By Jim O’Neal
Immigration is back in the news and it’s easy to forget this is not the first time. Out of the enormous industrial growth in the middle of the 19th century came an almost insatiable appetite for unskilled labor. The result was a tremendous wave of immigration, landing 26 million here between 1870 and 1920. They came from all over the world.
However, this was a new kind of immigrant, fashioned for an industrial society, and it made traditionalists uneasy, just as Thomas Jefferson had once been uncertain about the mixing of the American population. Prominent economists voiced concerns about people wholly incompetent as pioneers mixing with independent proprietors and threatening the democratic theories of the founders.
In 1870, over half of Americans toiled on the farm (close to Jefferson’s vision of yeoman farmers) and yet in the first decade of the 20th century, two-thirds of workers were in factories – semi-intelligent work described by Henry Ford as a job “the most stupid man could learn in two days.” The old immigrants of home-seekers had become new immigrants of job-seekers. A nativist movement was inspired to protect America for people of Anglo-Saxon stock.
This was not the first expression of this sentiment. In the 1850s, a secret society in New York City, the Order of the Star Spangled Banner, morphed into the Know-Nothing Party, which inveighed against the arrival of Irish and German Catholics and with them “popish alliances.” Although the Know-Nothings disappeared after 1860, the tendency toward defining Americans according to ethnicity came roaring back after the Civil War.
Today, we hold up the Statue of Liberty as our beacon to the world, but it was originally intended to be a symbolic gift from sculptor Frédéric Auguste Bartholdi over admiration for American liberties, not a statement about immigration. It was only after Emma Lazarus’ give-me-your-tired sonnet was added to the statue 17 years later that the image of America as an asylum for the oppressed and poor of the world would emerge.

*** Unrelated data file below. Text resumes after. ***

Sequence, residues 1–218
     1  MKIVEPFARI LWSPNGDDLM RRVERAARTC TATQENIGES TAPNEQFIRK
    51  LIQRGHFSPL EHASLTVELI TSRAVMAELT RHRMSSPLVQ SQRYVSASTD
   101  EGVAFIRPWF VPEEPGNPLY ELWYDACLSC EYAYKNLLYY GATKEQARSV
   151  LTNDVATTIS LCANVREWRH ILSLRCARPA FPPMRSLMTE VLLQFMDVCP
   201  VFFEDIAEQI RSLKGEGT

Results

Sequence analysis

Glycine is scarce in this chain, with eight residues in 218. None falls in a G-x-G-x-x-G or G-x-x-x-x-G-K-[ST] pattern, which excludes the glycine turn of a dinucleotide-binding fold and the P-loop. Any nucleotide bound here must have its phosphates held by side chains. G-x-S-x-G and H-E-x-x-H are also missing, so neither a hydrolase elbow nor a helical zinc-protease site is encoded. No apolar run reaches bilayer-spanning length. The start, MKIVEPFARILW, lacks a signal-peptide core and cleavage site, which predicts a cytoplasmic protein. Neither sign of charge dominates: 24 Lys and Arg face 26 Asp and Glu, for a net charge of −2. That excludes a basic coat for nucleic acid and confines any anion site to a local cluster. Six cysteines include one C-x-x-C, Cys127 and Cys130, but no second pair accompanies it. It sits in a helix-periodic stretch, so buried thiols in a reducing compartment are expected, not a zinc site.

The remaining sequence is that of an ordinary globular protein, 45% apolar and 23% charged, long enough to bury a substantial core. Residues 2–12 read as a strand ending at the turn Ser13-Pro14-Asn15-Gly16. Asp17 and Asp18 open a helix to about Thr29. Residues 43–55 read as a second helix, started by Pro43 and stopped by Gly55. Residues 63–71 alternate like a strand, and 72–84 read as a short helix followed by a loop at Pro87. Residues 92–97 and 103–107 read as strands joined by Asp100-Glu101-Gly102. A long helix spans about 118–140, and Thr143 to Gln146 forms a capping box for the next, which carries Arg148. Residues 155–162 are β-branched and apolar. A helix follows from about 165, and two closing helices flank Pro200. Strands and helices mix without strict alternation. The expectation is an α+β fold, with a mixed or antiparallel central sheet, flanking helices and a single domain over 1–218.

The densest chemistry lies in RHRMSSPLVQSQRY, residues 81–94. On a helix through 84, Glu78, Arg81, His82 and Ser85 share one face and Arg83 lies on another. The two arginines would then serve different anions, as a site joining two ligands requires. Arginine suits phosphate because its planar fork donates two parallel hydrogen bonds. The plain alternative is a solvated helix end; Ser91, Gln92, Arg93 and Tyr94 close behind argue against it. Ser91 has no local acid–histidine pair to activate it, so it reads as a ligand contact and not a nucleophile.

And even this was followed by the Espionage Act of 1917 and Sedition Act of 1918, which allowed the government to prosecute pacifists, socialists and left-wing organizations, all of which had sizable immigrant followers. Then the Johnson-Reed Act of 1924 imposed strict quotas to preserve America as an Anglo-Saxon nation. For the next 40 years, immigration slowed to a trickle and in the 1930s there were years when more people left America than came to live here.
It is a complicated story, but we have thrived as a nation due to the many, many contributions of immigrants. I predict this controversy too shall pass … as it has every time in the past.
Intelligent Collector blogger JIM O’NEAL is an avid collector and history buff. He is president and CEO of Frito-Lay International [retired] and earlier served as chairman and CEO of PepsiCo Restaurants International [KFC Pizza Hut and Taco Bell].